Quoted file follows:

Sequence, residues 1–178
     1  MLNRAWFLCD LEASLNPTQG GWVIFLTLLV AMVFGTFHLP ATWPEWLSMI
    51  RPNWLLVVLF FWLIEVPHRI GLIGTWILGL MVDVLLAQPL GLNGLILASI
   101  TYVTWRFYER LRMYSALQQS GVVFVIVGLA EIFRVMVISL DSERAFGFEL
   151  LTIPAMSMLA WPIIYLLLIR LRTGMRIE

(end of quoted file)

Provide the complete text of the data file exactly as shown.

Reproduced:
Sequence, residues 1–178
     1  MLNRAWFLCD LEASLNPTQG GWVIFLTLLV AMVFGTFHLP ATWPEWLSMI
    51  RPNWLLVVLF FWLIEVPHRI GLIGTWILGL MVDVLLAQPL GLNGLILASI
   101  TYVTWRFYER LRMYSALQQS GVVFVIVGLA EIFRVMVISL DSERAFGFEL
   151  LTIPAMSMLA WPIIYLLLIR LRTGMRIE